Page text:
Editors’ note: this text has been published in cooperation with Bilten.org, where it first appeared on 28.02.2018. “For fifteen years now my family and I have been investing in organic agriculture, working the land together with my children to build a better life for them in our homeland,” says Dimche Baleski, an organic producer from the municipality of Valandovo, during a public debate on proposed amendments to the Law on Minerals held at the Macedonian Parliament on 1 February 2018. He continues: “And now, without any consultation with us, the affected community, you set up a ticking bomb in our yards ..
- The crushing of Chechnya’s aspirations for independence: An interview with Tony Wood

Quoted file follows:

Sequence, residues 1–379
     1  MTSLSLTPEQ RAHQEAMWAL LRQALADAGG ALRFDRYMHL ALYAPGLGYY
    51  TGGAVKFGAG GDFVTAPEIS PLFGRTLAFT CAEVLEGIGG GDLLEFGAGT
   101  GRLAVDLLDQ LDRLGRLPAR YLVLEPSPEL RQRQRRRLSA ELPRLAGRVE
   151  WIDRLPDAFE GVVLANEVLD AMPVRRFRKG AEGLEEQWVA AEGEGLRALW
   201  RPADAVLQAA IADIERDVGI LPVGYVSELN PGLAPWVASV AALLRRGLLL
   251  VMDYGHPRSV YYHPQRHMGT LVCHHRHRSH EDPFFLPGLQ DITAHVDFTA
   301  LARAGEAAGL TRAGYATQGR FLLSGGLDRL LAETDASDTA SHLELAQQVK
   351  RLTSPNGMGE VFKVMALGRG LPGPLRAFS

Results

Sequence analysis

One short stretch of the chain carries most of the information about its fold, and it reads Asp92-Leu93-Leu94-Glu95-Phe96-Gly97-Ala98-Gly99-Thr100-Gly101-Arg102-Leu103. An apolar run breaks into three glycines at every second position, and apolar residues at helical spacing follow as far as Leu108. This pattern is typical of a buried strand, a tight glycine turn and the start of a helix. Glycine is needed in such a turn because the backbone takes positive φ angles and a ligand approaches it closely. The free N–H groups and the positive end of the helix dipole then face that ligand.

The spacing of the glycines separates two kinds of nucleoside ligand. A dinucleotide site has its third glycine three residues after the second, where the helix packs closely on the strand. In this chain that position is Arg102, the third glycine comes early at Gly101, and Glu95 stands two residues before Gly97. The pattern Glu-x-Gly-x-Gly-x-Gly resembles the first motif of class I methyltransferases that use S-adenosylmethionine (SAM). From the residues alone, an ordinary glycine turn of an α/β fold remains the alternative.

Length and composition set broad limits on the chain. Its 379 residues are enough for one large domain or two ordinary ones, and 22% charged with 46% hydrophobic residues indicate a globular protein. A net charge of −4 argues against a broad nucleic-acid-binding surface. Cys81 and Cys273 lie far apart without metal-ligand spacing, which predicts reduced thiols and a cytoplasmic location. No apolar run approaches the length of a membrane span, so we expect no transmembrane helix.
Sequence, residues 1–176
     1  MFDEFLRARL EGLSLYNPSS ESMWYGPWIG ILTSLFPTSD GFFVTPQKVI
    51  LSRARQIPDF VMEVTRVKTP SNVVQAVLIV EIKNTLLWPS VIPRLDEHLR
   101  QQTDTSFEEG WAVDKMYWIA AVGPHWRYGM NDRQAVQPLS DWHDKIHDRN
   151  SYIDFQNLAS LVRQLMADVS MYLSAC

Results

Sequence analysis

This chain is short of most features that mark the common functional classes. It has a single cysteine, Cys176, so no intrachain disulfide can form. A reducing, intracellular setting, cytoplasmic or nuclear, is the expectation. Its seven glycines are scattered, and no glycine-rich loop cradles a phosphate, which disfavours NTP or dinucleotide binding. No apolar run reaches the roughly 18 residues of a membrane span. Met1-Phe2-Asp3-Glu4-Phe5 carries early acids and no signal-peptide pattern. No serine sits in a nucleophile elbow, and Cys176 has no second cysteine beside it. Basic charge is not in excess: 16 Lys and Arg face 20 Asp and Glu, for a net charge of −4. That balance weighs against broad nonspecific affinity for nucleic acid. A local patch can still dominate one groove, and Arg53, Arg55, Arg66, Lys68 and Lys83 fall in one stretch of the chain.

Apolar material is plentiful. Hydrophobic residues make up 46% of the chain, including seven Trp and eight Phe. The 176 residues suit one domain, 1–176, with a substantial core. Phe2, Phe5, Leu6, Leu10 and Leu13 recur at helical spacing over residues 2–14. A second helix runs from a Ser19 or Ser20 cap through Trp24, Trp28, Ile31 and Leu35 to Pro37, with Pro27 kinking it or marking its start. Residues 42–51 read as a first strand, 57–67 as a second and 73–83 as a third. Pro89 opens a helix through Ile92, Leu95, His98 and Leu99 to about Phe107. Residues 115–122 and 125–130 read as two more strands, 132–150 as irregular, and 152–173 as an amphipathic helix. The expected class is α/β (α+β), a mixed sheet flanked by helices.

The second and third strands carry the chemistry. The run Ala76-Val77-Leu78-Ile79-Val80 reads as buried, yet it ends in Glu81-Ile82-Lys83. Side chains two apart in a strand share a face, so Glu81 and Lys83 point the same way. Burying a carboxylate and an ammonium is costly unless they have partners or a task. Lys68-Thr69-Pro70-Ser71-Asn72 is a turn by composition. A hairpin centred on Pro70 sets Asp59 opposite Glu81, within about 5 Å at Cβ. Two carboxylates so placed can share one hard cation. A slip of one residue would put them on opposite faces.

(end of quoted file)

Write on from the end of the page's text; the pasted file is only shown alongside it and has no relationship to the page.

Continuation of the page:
- Our Strike is Essential! Together with Polish Women for Freedom of Abortion
- Armenian leftists: We consciously choose peace
- How I Stopped Worrying and Learned to Love Milo
- (Post)pandemic struggles in social reproduction: COVID-19 and housing justice in Serbia
Google Analytics Statsgenerated by GADWP
The Sutjeska and Bijeljina monuments appear to stand for two profoundly divergent worlds, one symbolizing the cosmopolitan and antifascist past of socialist Yugoslavia, the other embodying the hyper-nationalist and segregationist present of post-Yugoslav states. Yet both monuments were made by the same sculptor. A ..